Steele said, “We are going to get construction jobs, but after that you would be lucky if you get 20 people working on the maintenance staff and maybe a restaurant. But you are talking low-paying jobs, and restaurants could be anywhere in the city.”

Rhode Island does need housing, Steele said, but she argued that there is no market for luxury housing. “We need workforce housing,” she said. “We need low-income housing.”

In June, the state Legislature authorized up to $25 million in tax credits for the tower project. And when he addressed the commission, Providence resident Brian Heller asked, “Why on earth should the people of Providence and Rhode Island be forced to subsidize luxury condos for the very wealthy when so many are struggling?”

Heller referenced 38 Studios, Curt Schilling’s ill-fated video-game venture which left taxpayers on the hook for a $75 million loan guarantee seven years ago. “Anyone who buys the fantasy that this is going to attract wealthy people from other areas,” he said, “I have only this to say to them: Does 38 Studios ring a bell?”

In his presentation to the commission, New York developer Jason Fane said the tower would house 800 to 900 people who would come from four main markets: “University and medical people; working people in business and the professions; empty nesters; people commuting to Boston and other areas.”


Fane said the tower would be the tallest building in New England outside of Boston.

“It will become a symbol of Providence and surely represents the essence of the innovation, design and entrepreneurship district,” he said. “Please note the word entrepreneurship. Innovation and design are necessary, but they are not enough to move an idea forward.”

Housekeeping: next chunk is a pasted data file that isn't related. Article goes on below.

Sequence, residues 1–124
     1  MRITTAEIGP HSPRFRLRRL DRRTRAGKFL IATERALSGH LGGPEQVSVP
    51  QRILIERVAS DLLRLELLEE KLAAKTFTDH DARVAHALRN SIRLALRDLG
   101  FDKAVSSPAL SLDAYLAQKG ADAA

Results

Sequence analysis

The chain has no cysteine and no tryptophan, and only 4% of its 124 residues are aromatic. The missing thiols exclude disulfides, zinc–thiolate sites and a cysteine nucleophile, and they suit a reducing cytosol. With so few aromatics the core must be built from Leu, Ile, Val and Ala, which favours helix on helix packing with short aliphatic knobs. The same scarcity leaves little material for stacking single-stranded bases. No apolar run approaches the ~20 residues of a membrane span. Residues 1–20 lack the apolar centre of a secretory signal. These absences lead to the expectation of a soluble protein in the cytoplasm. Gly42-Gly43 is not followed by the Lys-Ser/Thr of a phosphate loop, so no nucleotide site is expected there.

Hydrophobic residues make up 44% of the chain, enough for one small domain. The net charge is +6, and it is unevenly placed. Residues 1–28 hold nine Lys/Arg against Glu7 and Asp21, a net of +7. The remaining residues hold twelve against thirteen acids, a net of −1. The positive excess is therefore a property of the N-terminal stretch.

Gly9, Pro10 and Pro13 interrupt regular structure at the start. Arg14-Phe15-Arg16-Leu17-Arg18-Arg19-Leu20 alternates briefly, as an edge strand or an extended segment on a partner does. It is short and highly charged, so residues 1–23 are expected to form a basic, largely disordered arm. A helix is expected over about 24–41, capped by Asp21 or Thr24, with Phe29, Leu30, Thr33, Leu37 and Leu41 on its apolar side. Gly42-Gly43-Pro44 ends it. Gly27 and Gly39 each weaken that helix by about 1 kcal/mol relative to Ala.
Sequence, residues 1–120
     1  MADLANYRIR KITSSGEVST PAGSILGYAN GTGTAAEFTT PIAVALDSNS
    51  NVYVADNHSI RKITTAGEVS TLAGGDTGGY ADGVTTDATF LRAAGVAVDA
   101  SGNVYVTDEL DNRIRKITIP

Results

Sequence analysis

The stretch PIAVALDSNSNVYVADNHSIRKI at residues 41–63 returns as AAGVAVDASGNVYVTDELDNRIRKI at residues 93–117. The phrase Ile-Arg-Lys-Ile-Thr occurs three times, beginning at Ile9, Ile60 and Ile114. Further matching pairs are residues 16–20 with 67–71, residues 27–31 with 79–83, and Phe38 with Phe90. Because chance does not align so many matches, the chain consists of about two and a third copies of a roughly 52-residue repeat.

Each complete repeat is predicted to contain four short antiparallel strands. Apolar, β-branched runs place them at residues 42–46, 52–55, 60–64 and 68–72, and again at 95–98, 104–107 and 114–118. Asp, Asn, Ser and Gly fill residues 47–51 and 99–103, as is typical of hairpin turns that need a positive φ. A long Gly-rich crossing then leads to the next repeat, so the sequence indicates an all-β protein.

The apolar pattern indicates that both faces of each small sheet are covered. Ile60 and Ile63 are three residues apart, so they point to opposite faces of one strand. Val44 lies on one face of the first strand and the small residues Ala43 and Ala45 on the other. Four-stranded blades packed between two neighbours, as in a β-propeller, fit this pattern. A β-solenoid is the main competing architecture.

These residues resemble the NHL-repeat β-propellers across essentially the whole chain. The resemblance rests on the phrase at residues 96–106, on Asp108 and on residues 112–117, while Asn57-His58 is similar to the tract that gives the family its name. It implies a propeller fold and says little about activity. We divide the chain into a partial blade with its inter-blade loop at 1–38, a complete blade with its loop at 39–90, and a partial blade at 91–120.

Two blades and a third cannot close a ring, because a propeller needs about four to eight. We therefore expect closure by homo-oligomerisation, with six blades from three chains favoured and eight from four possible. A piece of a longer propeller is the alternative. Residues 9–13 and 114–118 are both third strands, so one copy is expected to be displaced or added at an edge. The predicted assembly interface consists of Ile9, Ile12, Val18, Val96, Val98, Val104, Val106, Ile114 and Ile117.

The battle over the tower has at times overshadowed discussion about other portions of the former I-195 land.

The I-195 commission’s website lists 19 parcels spread over 26 acres. A map provided by the commission last week shows two completed projects (the Wexford Innovation Center and the John J. Bowen Center for Science and Innovation) and one project with construction in progress (the Chestnut Commons residential and commercial building).

The map shows six parcels that are “under contract,” including the Hope Point Tower site and the 175-room Aloft Hotel site, next to the Wexford building. And the map shows 11 “available parcels.”

“We are very pleased with the projects in the 195 district,” Pryor said. “Even three years ago, there was not much visible activity. Now, there are projects built or sprouting throughout the district.”

The real estate development projects that are complete or under way constitute more than 1-million square feet and more than $350 million in investment, he said. He also cited infrastructure projects in the area, including the new $22 million Providence River Pedestrian Bridge, parks on either side of the river, and the parking garage behind the Garrahy Judicial Complex.


Pryor said innovation districts must include buildings, like Wexford, that contain incubator space for emerging companies. But they also require “vibrant live/work ecosystems,” he said. “Business today, especially entrepreneurs, want to be part of high-energy 24/7 environments.”

The 195 district is making strides toward that goal, he said.

“Even a few years ago, in a section of the 195 district you would find tumbleweeds in the evening rather than workers coming and going,” Pryor said.

Steele said that other than the Hope Point Tower, the former 195 district is moving in the right direction.

“There are more cranes in the sky than I have ever seen in my lifetime,” she said. “Wexford, the Aloft Hotel — that’s what we want. We want buildings built to scale.”

But the focus must remain on jobs, Steele said. “This is a once-in-a-lifetime opportunity to create a new urban neighborhood that literally produces good-paying high-tech high-touch biomed jobs for the millennials.”

Edward Fitzpatrick can be reached at edward.fitzpatrick@globe.com. Follow him on Twitter at @FitzProv.